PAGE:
Touch Football

Touch Football is a sport played widely in Australia, both recreationally and competitively. Competitions are run year round with matches being played over two 20-minute halves separated by a five-minute interval. Touch football tournaments may require players to play up to three to four games in a single day.

About Touch Football

Touch Football is a sport played widely in Australia, both recreationally and competitively. Teams are comprised of up to 14 players with 6 on the field at any one time. Player substitutions are unlimited throughout the game. It is played in men’s, women’s and mixed competitions.

 

Competitions are run year round with matches being played over two 20-minute halves separated by a five-minute interval, though other time frames are often used to suit local conditions and competitions.

 

Competition is usually played over a weekly competition or a tournament format Touch football tournaments may require players to play up to three to four games in a single day. During seasonal competitions, games are played at least once a week, with several training sessions per week.

 

Similar to other forms of rugby, while running forwards the ball has to be passed backward and the aim is to place the ball in the touchdown zone. The game requires intermittent short sprints as well as agility, ball handling skills and good knowledge of tactical moves.

 

Unlike rugby union and rugby league, defending players do not tackle but only have to “touch” the ball carrier. This means that there is less muscle damaged caused by physical contact which impacts nutritional needs. After a team incurs six “touches” while attacking the ball, it is turned over to the opposition.

Training diet

It is important to eat a diet that has adequate amounts of carbohydrate to help ensure muscle glycogen (stored energy) levels are topped up to fueling fast sprints and assisting in training, performance and recovery. Importantly, carbohydrate needs much be matched to training loads – on days of heavy training carbohydrate needs are higher than rest or active recovery days.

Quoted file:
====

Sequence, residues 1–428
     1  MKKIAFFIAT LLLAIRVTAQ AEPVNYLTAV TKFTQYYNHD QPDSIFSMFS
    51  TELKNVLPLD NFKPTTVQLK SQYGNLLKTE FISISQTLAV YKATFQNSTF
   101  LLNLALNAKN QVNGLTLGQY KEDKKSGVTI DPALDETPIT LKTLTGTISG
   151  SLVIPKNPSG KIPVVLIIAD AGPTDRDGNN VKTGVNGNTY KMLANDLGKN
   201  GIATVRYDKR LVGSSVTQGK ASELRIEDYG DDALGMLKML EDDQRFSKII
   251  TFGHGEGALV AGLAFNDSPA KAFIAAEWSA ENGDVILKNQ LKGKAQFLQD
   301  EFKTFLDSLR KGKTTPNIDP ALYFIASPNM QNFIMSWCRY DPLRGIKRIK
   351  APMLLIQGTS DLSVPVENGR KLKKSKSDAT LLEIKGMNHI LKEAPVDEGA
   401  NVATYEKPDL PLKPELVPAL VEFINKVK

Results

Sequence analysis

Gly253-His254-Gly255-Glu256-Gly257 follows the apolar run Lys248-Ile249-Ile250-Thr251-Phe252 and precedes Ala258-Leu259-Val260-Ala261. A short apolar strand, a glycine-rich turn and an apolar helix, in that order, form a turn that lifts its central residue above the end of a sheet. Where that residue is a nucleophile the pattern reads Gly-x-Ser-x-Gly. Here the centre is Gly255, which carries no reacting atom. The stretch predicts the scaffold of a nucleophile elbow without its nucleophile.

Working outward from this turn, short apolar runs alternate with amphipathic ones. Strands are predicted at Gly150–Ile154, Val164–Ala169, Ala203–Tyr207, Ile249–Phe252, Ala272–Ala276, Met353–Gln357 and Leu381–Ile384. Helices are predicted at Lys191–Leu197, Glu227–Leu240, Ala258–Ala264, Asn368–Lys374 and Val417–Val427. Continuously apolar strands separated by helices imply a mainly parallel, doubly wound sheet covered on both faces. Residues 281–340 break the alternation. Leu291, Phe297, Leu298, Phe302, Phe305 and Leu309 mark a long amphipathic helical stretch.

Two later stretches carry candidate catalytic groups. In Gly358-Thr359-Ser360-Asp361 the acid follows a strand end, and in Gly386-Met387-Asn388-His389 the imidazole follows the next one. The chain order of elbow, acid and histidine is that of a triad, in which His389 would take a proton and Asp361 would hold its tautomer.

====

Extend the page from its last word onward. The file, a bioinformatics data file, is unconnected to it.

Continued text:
Lean proteins are also important for muscle repair and recovery, carbohydrate appropriately timed for fuel. In addition, fruit, vegetables, nuts, seeds and wholegrains provide important vitamins and minerals, along with some healthy fats.

 

Individual nutrition requirements will be determined by training load, specific athlete needs, training goals, body composition goals, health and adjustment for growth in younger athletes.

Fluid Needs

The fluid needs of players during training and games can be high because of the high intensity “stop and go” style of touch football.

 

Multiple games on competition days also increase the risk of dehydration as a fluid deficit from one match can be carried into the next.

 

Studies have shown that dehydration can negatively impact performance including accuracy, speed, agility concentration and co-ordination – all important characteristics for successful touch football play.

 

Starting training sessions and matches well hydrated is essential. In order to stay hydrated, players should drink fluids should before, during and after training and matches. However, body fluid needs will depend on individual fluid losses, which vary depending on individual sweat rate.

 

Some other tips to stay hydrated during training and competition include:

  • Have a drink with all meals and snacks in the lead up to exercise – this will help to start the session well hydrated.
  • Make the most of opportunities during breaks in training or substitutions and half time intervals in matches to have a drink.
  • Water is an appropriate fluid choice for most training sessions and matches. However, sports drink may provide valuable carbohydrate to improve performance and delay fatigue if playing multiple games in a day.
  • Athletes should remember that during summer competitions, fluid losses are greater and deserve special attention.